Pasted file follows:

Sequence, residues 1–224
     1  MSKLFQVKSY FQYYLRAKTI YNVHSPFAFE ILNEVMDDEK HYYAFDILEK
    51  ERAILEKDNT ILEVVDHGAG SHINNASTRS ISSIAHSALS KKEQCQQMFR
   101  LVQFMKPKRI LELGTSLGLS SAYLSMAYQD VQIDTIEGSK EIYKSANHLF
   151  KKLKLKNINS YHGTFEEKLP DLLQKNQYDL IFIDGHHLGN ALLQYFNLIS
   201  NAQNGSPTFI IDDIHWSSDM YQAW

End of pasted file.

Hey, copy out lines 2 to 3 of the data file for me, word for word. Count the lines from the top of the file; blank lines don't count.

     1  MSKLFQVKSY FQYYLRAKTI YNVHSPFAFE ILNEVMDDEK HYYAFDILEK
    51  ERAILEKDNT ILEVVDHGAG SHINNASTRS ISSIAHSALS KKEQCQQMFR